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  • Durability of Satisfactory Functional Outcomes Following Surgical Adult Spinal Deformity Correction: A 3-Year Survivorship Analysis

    Final Number:
    165

    Authors:
    Peter G Passias MD; Cole Bortz BA; Virginie Lafage PhD; Renaud Lafage; Justin S. Smith MD PhD; Breton G. Line BSME; Robert Eastlack MD; Munish C. Gupta MD; Richard A. Hostin MD; Samantha R. Horn; Daniel M. Sciubba MD; Jeffrey Lynn Gum M.D.; Khaled Kebaish MD; Eric Klineberg MD; Douglas C. Burton MD; Frank Schwab; Christopher I. Shaffrey MD, FACS; Christopher P. Ames MD; International Spine Study Group (ISSG); Muhammad Burhan Ud Din Janjua

    Study Design:
    Clinical Trial

    Subject Category:

    Meeting: Congress of Neurological Surgeons 2018 Annual Meeting

    Introduction: Despite reports showing positive long-term functional outcomes following adult spinal deformity(ASD) corrective surgery, it is still unclear which factors may impact the durability of these outcomes.

    Methods: Surgical ASD patients(scoliosis=20°, SVA=5cm, PT=25° and/or TK>60°)>18yr with 3-year ODI follow-up, 1-year postop(1Y) ODI scores reaching substantial clinical benefit threshold(SCB,<31.3 points). Patients were grouped: those sustaining ODI at SCB threshold beyond 1Y(sustained functionality) and those not(functional decline). Kaplan-Meier survival analysis determined postop durability of functionality. Multivariate Cox regression assessed the relationship between patient/surgical factors and functional decline, accounting for age, sex, levels fused.

    Results: All 166 surgical ASD patients(57±15yr, 75%F, 11±4 lvls; 68% posterior approach, 2% anterior, 31% combined) showed baseline(BL) to 1Y functional improvement(ODI: 35±17 to 14±9,P<0.001), with 100% of patients reaching SCB at 1Y. After 1Y postop, durability of satisfactory functional outcomes was 89% at 2Y postop, and 71% at 3Y. Those sustaining functionality after 1Y had lower BL C2-S1 SVA(sustained: 61 vs deteriorated: 88mm,P=0.040) and T1 slope(26° vs 31°,P=0.022), and at 1Y postop, had lower thoracic kyphosis(40° vs 47°,P=0.035). From 1Y-3Y postop, patients who sustained functionality showed smaller alignment changes: PI-LL(0.4° vs 2.8°,P=0.020), SVA(0.5mm vs 15.5,P=0.022), TS-CL(2.7° vs 7.0°,P=0.017), cSVA (0.4mm vs 5.0,P=0.002). Those sustaining functionality beyond 1Y were also younger(55yrs vs 64,P<0.001), less frail at 1Y(mFI 1.4 vs 2.0,P<0.001), had lower BMIs(25 kg/m2 vs 28,P=0.010), and lower rates of reoperation past 1Y(9% vs 23%,P=0.011), BL osteoporosis(9% vs 23%,P=0.019), heart disease(6% vs 21%,P=0.004), hypertension(28% vs 54%,P=0.001), and lung disease(1% vs 6%,P=0.040). Multivariate analysis showed lung disease(HR:4.8 [1.4-16.4]), 1Y frailty(HR:1.4 [1.1-1.9]), and posterior approach(HR:2.6 [1.2-5.8]) as associated with shorter time to functional decline.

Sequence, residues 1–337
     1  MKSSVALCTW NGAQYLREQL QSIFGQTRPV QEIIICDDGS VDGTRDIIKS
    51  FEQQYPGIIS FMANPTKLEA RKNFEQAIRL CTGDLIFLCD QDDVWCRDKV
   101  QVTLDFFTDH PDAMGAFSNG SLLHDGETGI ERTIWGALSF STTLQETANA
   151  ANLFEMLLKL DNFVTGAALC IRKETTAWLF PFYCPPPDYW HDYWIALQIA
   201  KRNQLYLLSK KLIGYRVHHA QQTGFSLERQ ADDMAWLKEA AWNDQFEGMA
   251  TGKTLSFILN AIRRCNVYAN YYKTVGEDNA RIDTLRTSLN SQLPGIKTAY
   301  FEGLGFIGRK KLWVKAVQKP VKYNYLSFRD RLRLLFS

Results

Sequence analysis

Conclusions: 71% of surgical ASD patients maintained satisfactory functional outcomes by 3-years postop. Those failing to sustain satisfactory functionality showed the greatest functional decline at 3-years postop. Frailty, comorbidity burden, and surgical approach all affected durability of functional gains.

    Patient Care: Evidence of functional deterioration in patients with these factors should be taken into account to improve patient counseling.

    Learning Objectives: Participants should be able to describe factors contributing to functional decline following ASD-corrective surgery.

    References:

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